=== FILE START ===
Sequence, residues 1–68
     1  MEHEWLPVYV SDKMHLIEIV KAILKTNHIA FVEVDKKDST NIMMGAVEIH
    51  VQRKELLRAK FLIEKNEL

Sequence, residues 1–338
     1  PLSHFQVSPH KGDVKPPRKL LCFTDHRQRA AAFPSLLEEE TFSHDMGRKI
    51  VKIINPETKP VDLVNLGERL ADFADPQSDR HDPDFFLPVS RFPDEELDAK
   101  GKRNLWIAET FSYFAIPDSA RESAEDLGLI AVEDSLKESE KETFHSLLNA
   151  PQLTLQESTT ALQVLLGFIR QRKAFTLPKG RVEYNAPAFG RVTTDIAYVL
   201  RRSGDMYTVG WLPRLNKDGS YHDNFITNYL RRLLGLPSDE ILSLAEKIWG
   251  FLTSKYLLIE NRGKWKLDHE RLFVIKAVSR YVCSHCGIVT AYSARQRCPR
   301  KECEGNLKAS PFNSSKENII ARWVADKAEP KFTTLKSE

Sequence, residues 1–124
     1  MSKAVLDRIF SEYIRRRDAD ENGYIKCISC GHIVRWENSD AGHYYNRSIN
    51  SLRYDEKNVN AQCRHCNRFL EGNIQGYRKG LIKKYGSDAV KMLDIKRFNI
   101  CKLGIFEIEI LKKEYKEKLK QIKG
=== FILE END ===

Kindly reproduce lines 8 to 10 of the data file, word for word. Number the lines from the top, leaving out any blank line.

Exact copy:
   151  PQLTLQESTT ALQVLLGFIR QRKAFTLPKG RVEYNAPAFG RVTTDIAYVL
   201  RRSGDMYTVG WLPRLNKDGS YHDNFITNYL RRLLGLPSDE ILSLAEKIWG
   251  FLTSKYLLIE NRGKWKLDHE RLFVIKAVSR YVCSHCGIVT AYSARQRCPR